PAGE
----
on November 27 at the 9:30 Club.
Many of George Mason students have attended the Falls Church Fall Festival through the years. Going about from booth to booth looking for interesting items is almost always fun, but what is it like working in one of those booths? Lasso decided to find out.
Set-Up, Saturday Morning
For those people staffing booths at the Fall Festival, the day starts early--too early. I have to get there at 7:30 a.m. to help get the booth for The League of Women Voters set up, and it is freezing and overcast out. Thankfully, the parking lot by the Community Center is bustling with activity, from vendors rushing about setting up their wares to Special Event Staff helping cars through and giving people directions. The air had a slightly sleepy feeling mixed with excitement. Setting up did not take as long as I had expected--the tent was already up and really all that was left to be done was filling a bowl full of candy for people to take and laying out pamphlets for The League (the non-profit, non-partisan organization running the booth I was assisting. They help people get registered to vote and get more informed on local issues).
Staffing the Booth
Fortunately for the League of Women Voters volunteers, running the booth happens in shifts. My grandmother (the Vice President of the National League) and I get there on time for our 3:00-4:00 p.m. shift and get started. Unfortunately, running a booth is not as exciting as I thought it would be; all I seem to be doing is smiling at strangers and saying hello to the few acquaintances who pass by. Only one person comes to take a serious look. A few kids come by to see if they can have some candy from the bowl, which they can as long as they promise to vote when they turn eighteen! The temperature is also still pretty cold, so I am grateful when a couple other League members arrive to help take the booth down.
Take-down does not take very long, and all I really have to do is put all the pamphlets and papers back in their box and take down the sign. Taking down the table and tents gets left to the adults. People working at the other booths also seem to be in a bit of hurry to take down their booths, but probably nobody is really comfortable in this cold weather.
To summarize, working at a Fall Festival booth might be relatively interesting if I were selling stuff instead of membership, but the cold was somewhat unpleasant, and I am not sure if it is an experience I would like to repeat.
At the beginning of a new school year, students feel a renewed sense of excitement for new classes, new people, more privileges, and getting a new locker.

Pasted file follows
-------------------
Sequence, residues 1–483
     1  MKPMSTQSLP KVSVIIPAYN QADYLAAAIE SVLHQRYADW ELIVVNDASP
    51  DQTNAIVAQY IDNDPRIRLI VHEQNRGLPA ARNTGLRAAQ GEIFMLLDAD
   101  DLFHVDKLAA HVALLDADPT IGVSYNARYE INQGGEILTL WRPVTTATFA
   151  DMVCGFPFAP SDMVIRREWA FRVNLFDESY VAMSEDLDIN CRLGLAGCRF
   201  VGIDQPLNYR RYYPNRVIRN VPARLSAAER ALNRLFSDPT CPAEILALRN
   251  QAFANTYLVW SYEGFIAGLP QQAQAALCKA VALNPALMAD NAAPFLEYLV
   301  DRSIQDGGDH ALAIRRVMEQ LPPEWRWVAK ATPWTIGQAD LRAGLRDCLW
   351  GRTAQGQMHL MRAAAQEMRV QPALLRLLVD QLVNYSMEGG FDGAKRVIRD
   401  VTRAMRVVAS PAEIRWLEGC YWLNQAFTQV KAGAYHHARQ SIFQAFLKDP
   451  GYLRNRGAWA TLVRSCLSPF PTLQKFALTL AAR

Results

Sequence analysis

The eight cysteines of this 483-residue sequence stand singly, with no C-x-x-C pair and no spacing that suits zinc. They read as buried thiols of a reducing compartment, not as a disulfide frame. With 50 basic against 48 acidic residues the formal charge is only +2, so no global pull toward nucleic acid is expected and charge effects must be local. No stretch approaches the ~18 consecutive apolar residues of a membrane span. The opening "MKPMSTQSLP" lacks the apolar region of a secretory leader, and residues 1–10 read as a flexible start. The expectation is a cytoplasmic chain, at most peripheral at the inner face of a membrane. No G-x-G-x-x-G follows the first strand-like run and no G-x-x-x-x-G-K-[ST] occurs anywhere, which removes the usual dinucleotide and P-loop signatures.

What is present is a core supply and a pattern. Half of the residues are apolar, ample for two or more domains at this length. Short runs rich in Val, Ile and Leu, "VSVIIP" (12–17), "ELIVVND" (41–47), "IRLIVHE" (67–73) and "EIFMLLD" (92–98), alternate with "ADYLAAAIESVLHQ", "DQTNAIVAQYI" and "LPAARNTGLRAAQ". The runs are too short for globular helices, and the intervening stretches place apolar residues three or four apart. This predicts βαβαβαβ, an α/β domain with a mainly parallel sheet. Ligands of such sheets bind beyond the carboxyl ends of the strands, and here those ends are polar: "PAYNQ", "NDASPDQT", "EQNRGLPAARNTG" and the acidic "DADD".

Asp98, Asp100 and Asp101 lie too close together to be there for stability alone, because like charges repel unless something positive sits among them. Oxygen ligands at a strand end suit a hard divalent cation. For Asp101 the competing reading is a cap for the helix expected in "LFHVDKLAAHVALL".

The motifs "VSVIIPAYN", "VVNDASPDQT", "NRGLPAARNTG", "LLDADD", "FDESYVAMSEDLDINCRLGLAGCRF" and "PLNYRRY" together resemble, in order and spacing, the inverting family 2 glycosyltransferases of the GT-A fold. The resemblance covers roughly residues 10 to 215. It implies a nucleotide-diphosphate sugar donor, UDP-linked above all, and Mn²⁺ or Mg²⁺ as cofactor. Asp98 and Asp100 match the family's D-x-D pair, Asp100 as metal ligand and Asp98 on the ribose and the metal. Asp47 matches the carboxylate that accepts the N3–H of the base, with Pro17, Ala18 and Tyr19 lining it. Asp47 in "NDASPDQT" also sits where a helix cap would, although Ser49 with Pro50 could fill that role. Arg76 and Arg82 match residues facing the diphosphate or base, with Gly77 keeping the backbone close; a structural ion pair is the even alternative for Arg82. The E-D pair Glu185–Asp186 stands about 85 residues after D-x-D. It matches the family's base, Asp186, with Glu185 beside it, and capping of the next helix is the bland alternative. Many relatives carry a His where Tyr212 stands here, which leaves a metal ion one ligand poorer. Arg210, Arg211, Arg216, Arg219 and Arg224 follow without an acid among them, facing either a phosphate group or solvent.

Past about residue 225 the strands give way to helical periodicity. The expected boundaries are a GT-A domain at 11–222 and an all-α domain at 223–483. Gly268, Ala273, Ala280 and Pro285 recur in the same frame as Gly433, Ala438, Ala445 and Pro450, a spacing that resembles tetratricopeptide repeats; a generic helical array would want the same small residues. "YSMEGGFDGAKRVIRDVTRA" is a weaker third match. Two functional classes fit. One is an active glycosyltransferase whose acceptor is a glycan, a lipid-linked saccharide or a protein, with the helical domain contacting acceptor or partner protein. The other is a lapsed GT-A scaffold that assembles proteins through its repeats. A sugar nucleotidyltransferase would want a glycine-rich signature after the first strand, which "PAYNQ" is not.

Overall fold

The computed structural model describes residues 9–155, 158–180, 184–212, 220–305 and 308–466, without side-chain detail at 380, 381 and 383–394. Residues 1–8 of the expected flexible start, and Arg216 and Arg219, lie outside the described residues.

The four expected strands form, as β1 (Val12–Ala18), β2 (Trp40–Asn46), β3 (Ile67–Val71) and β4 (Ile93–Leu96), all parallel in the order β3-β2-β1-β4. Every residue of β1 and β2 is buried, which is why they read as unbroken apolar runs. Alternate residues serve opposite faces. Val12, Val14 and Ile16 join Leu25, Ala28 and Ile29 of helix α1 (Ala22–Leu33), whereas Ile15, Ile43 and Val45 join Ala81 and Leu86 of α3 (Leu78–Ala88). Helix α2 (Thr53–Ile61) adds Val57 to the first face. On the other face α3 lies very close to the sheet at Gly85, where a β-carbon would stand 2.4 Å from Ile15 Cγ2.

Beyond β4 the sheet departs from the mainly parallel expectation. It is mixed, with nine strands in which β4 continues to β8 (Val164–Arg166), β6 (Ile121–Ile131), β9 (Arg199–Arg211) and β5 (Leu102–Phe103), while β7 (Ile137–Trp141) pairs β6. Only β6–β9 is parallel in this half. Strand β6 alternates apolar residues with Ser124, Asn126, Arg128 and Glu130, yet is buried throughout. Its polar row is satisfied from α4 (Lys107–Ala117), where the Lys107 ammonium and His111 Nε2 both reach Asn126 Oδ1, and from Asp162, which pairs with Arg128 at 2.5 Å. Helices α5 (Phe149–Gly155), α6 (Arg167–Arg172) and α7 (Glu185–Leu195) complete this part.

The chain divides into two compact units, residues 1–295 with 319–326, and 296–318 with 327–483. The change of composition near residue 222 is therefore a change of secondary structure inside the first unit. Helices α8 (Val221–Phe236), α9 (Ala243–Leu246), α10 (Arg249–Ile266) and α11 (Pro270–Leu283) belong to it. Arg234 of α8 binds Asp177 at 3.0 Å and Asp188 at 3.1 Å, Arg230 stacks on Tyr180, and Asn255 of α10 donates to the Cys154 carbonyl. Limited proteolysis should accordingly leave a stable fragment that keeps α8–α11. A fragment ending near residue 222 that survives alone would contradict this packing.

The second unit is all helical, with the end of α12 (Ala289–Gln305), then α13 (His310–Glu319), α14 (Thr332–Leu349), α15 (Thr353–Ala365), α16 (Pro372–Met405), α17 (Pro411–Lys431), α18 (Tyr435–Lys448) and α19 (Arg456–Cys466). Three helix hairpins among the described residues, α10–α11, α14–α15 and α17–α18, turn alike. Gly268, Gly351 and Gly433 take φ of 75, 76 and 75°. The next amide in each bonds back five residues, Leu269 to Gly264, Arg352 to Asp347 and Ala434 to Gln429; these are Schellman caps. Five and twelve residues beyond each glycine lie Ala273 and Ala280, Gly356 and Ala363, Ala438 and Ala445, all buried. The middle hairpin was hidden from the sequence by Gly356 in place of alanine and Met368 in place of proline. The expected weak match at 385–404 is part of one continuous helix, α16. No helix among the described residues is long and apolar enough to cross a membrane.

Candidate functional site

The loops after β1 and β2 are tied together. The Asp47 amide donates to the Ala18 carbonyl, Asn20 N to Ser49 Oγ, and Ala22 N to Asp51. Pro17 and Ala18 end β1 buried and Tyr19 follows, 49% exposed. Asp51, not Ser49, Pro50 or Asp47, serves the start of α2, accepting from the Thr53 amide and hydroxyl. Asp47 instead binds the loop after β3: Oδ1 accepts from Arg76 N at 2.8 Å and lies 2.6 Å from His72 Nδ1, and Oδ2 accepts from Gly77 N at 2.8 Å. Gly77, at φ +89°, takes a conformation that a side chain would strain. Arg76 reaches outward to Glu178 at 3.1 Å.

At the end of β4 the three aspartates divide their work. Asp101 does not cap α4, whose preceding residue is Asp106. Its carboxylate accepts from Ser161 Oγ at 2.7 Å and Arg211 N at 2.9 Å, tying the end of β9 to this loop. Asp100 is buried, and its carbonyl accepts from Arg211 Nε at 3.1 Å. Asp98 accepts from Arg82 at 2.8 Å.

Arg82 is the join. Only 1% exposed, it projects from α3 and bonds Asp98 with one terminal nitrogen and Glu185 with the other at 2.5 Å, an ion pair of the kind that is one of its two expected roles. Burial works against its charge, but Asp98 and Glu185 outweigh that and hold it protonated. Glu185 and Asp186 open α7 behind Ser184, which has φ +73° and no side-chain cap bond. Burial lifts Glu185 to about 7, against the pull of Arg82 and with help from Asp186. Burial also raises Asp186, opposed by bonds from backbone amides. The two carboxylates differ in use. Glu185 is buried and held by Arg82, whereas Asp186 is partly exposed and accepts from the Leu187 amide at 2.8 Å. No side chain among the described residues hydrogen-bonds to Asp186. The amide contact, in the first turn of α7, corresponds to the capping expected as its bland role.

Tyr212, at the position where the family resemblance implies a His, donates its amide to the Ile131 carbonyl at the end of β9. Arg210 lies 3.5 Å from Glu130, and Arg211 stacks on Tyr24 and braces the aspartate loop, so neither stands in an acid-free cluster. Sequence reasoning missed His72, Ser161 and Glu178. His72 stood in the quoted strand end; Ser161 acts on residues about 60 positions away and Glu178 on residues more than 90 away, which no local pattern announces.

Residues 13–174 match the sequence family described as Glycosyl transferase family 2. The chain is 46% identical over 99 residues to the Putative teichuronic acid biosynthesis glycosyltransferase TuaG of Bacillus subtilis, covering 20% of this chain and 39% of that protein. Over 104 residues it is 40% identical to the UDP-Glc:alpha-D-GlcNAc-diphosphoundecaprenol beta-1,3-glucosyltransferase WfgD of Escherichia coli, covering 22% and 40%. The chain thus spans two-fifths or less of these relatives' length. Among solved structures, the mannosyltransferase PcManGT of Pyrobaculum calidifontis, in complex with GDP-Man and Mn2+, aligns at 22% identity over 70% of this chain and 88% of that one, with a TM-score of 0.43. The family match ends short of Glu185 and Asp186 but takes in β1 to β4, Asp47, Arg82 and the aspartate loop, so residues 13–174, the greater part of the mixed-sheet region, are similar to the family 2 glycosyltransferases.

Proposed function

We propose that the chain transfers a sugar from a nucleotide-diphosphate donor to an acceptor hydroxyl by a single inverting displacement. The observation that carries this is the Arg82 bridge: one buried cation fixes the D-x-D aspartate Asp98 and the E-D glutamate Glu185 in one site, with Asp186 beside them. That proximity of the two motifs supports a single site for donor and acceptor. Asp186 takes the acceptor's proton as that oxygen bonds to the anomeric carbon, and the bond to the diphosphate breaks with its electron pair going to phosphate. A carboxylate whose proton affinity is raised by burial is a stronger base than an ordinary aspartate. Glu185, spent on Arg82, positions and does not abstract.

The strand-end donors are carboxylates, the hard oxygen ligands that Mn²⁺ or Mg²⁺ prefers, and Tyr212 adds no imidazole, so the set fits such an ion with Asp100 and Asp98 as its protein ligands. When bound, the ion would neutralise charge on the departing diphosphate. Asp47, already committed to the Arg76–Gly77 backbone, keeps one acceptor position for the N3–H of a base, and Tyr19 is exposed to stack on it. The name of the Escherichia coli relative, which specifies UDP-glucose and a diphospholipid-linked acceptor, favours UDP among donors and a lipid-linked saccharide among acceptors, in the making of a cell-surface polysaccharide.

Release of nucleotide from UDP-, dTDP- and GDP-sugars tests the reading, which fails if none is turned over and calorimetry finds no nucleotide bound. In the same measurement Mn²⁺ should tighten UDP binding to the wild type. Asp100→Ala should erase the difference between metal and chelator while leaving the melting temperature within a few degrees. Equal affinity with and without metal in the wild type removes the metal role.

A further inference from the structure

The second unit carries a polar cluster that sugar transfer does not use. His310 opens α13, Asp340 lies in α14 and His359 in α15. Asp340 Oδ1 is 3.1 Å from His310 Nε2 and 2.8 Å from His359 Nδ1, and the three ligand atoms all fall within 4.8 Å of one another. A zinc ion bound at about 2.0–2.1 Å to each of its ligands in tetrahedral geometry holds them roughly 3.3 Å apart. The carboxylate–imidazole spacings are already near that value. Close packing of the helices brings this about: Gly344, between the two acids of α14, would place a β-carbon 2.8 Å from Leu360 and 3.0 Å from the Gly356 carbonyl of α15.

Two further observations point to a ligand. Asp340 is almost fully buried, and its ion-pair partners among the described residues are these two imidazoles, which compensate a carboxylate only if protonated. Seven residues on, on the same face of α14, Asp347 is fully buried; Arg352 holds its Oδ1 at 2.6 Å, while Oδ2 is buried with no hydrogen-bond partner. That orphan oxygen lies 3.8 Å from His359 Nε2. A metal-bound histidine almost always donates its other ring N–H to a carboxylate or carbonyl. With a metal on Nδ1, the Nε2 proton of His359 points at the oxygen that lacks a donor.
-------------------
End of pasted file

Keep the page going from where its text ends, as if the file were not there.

In the past locker assignments have been assigned by grade-- seniors, of course, get first pick, and eighth-graders get dead last. However, that recently changed when we found out that the eighth graders got their lockers first this year. Not only did they get lockers first, they got them in the most popular hallway that almost everyone in the school wants.
Is this fair? Personally I would say no. As an eighth-grader I did not get my locker before school, in fact, like everyone else in my grade, I got my locker last.
While most upperclassmen agreed with me, a few, such as senior Christina Park, said that they “don’t mind because it helps [the eighth-graders] get more comfortable.”
Most of us had a very different point of view, however, such as senior Sarah Sarkar who complained that the seniors “never got [theirs] first. I’ve been waiting my whole life to get senior privileges and once it was finally time, the eighth-graders got first priority!”
Juniors Jeremy Brown and Sumner Askin had similar feelings saying that “they don’t deserve them. They don’t even take real classes” and “they don’t need a big locker for three binders” referring to their homework and class load.
Even the sophomores and freshman had negative feelings towards the eighth-graders getting their lockers first.
“They didn’t do that for us” said sophomore Sally Karstens.
Freshman Alfonoso Banks voiced his and his friend’s opinion on the subject saying that “it’s not fair because we’re older than them!”
Principal Mr. Ty Byrd claims that “the eighth-graders need their lockers sooner than others. They’re small kids and they need to alleviate physical strain on their bodies. We also want to make them feel more comfortable in the new environment.”
I can see where Byrd is coming from, however, can’t we make them feel more comfortable by Mr. Block’s room or the science wing? Giving the eighth-graders the best lockers when they’re at the bottom of the ‘food chain’ is annoying and an inconvenience to all the other grades above.